Keltner calls it “learning what [each prospect’s] success statement is.” Sales teams need to learn and understand what makes each prospect excited about the future.
Connected to that excitement, of course, are the fears, worries, and concerns they have. The better you understand these, the better you can coach and support your prospects in their journey toward success.
Avoid lumping all prospects together. Even if two prospects fit the same buyer persona or other demographic, don’t approach any call with an “I’ve heard this one before” mentality. To do so is to miss a connection with the unique person in front of you.
Changing sales culture means changing business
Many businesses think of themselves as “customer-centered,” but the reality is that they’re off the mark. Few companies actually sell in a way that matches the way people want to buy.
If you find yourself on an average business homepage, take a long look at the language that’s used. More often than not, you’ll see that everything is about the business itself — its products, its awards, its story — and not about the customer.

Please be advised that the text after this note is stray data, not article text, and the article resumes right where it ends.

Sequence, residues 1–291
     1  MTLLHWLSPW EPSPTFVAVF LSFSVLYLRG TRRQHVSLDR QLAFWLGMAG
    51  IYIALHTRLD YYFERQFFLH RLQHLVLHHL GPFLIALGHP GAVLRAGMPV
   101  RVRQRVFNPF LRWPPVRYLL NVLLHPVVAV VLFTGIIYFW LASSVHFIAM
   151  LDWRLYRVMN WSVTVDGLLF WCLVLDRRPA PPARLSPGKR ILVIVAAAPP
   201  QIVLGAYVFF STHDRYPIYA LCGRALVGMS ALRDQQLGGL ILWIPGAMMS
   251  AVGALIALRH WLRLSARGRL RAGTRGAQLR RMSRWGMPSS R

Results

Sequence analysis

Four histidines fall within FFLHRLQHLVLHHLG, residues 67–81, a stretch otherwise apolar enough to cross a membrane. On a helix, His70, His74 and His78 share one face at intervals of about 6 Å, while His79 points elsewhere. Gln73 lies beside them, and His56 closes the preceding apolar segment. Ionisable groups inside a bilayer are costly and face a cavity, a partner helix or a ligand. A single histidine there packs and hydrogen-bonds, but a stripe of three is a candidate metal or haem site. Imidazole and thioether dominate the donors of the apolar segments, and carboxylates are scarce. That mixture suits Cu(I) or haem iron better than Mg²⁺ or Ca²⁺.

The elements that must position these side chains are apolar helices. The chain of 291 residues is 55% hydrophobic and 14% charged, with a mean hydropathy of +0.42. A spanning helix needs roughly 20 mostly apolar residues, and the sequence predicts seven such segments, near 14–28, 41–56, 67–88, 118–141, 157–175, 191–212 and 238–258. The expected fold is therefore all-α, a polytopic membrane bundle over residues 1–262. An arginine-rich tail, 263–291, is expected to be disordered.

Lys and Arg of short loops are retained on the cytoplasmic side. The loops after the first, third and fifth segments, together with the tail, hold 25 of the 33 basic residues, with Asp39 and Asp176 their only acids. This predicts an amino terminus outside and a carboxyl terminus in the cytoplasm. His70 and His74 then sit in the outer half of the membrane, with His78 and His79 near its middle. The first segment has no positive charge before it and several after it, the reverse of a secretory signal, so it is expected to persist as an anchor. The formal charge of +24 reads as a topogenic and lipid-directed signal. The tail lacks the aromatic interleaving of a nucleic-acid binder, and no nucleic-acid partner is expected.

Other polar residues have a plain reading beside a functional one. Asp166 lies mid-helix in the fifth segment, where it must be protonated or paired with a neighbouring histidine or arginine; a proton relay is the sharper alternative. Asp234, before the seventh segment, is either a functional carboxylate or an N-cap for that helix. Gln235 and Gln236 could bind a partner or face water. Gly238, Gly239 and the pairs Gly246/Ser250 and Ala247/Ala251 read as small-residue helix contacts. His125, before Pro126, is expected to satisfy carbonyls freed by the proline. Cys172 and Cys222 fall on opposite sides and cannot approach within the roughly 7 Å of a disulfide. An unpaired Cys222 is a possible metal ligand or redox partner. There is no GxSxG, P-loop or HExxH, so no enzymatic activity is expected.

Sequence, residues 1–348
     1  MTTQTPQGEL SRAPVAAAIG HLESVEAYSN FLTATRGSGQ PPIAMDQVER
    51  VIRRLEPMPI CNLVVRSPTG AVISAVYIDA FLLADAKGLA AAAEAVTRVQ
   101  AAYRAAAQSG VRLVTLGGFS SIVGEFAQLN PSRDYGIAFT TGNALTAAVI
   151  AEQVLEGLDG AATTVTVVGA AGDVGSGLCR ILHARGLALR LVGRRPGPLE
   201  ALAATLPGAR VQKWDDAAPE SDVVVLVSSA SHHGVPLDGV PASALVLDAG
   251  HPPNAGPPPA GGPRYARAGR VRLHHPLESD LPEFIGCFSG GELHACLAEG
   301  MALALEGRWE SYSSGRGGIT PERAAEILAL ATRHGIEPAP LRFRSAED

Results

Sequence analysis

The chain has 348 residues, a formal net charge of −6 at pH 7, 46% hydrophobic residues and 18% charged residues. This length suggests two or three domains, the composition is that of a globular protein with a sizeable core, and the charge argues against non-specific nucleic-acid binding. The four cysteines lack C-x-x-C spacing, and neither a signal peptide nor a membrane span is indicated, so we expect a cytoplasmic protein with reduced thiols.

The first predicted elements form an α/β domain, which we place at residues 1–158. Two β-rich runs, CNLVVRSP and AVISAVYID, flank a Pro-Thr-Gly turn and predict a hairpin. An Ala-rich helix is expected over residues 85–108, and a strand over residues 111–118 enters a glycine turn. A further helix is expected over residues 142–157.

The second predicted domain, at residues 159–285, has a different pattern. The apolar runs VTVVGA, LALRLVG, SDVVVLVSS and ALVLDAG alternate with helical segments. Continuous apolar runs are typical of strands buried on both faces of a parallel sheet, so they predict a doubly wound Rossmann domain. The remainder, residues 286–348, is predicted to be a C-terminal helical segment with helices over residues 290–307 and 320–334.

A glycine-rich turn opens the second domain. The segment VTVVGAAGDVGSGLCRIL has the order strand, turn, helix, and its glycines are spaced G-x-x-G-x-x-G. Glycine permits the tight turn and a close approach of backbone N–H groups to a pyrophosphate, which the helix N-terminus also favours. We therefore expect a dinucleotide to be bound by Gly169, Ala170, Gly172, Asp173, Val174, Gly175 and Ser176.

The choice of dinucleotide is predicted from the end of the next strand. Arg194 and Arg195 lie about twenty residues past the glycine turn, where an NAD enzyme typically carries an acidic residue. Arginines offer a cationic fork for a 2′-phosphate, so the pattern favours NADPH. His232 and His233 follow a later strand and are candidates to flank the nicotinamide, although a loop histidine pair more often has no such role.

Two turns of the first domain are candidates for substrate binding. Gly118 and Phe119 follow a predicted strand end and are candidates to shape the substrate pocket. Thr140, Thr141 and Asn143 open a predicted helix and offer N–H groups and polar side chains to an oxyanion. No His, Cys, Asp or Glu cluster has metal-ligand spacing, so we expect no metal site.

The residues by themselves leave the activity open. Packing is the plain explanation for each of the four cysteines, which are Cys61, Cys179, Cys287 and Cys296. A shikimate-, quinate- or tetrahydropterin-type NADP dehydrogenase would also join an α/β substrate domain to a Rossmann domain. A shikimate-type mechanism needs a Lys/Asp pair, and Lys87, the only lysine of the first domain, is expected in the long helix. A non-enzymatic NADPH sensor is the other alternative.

This same mentality carries through all the way to the sales process. The result is that customers can’t always see themselves and their needs in what the business is offering.
When you embrace a sales model based on authentic conversations, it radiates through your organization. You start to see your buyers and their needs everywhere.
“The central idea here,” says Keltner, “is that we need to shift to having authentic conversations, which anchor on what our buyer values the most and not on our products.”
When we remember that our buyer’s success matters more than completing the sale, we actually end up selling more. The buyers enjoy the experience, the company profits, and we update the sales process to fit the digital age.